The PFMA makes clear that disciplinary proceedings and criminal proceedings may be held against an accounting officer or an official in cases of financial misconduct. "Financial misconduct" is defined differently for accounting officers, Treasury officials, and officials of other departments. For example, an accounting officer commits an act of financial misconduct if he or she fails to comply with certain sections of the PFMA or makes an unauthorized expenditure, irregular expenditure, or a fruitless or wasteful expenditure. Losses and damages may be recoverable from an accounting officer or official in certain circumstances outlined in the Treasury Regulations (Chapter 4 and 12).
The Financial Management and Accountability Act 1997 (FMAA) sets out the framework for the proper use and management of public money. It provides agency heads with greater flexibility and autonomy in their financial management, rather than a more prescriptive and centralized approach.
The FMAA imposes criminal liability and other liability on officials or ministers in certain cases of financial mismanagement. For example, there may be criminal liability in cases where an official or minister misapplies public money or improperly disposes of or uses public money. Further, an official or minister may be liable for the loss of public money if the official or minister contributed to the loss by misconduct or by a deliberate or serious disregard of reasonable standards of care. Finally, the FMAA specifically states that a person's liability (which arose while the person was an official or minister) cannot be avoided simply because the person ceases to be an official or minister.
With respect to debt recovery, the FMAA states that each Chief Executive must pursue the recovery of debt unless the debt has been written off, the Chief Executive is satisfied that the debt is not legally recoverable, or the Chief Executive considers that it is not economical to pursue recovery of the debt.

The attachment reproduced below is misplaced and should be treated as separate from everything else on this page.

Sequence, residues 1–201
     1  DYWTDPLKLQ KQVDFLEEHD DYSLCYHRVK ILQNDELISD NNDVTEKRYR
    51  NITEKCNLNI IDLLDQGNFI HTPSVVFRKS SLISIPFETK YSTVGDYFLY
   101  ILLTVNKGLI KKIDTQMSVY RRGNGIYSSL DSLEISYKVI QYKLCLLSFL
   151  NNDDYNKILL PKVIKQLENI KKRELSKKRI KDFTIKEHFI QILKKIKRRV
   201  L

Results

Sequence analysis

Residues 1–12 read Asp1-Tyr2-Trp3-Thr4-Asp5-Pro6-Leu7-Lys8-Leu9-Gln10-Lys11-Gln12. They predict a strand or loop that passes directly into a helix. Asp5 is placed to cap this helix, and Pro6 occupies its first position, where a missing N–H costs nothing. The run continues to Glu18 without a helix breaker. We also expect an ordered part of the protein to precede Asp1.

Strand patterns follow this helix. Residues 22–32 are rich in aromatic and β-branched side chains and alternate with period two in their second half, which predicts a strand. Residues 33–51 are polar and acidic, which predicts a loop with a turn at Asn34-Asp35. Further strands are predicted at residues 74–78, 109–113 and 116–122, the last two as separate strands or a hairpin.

Most recently, pursuant to the Government Resources and Accounts Act, 2000, a permanent head of a department is separately appointed by the Treasury as an accounting officer.
The United Kingdom has specific guidelines set out in the Government Accounting Manual, which deals with the recovery of overpayments and losses. In the case of overpayments, recovery is often pursued through a salary deduction or through the common law right of set-off. The Manual provides a detailed analysis of the common law right of set-off, including a description of the right, the effect of the Limitation Acts, and possible defences against recovery such as estoppel, change of position, and good consideration. The Manual also provides guidelines in cases where the overpayment involved bad faith on the part of the payee and prosecution or disciplinary action may be appropriate.
The Parliamentary Ombudsman is empowered, under the Parliamentary Commissioner Act, 1967, to investigate complaints referred by members of Parliament from members of the public who consider they have suffered injustice as a result of maladministration. The Parliamentary Ombudsman may recommend that the department or agency should provide redress for the complainant (and for any others who may have suffered in the same way). Redress may be an explanation, an apology, an undertaking to improve procedures or systems, an ex gratia payment, or a combination of such measures. The Ombudsman's recommendations on remedies are not legally binding and can be rejected.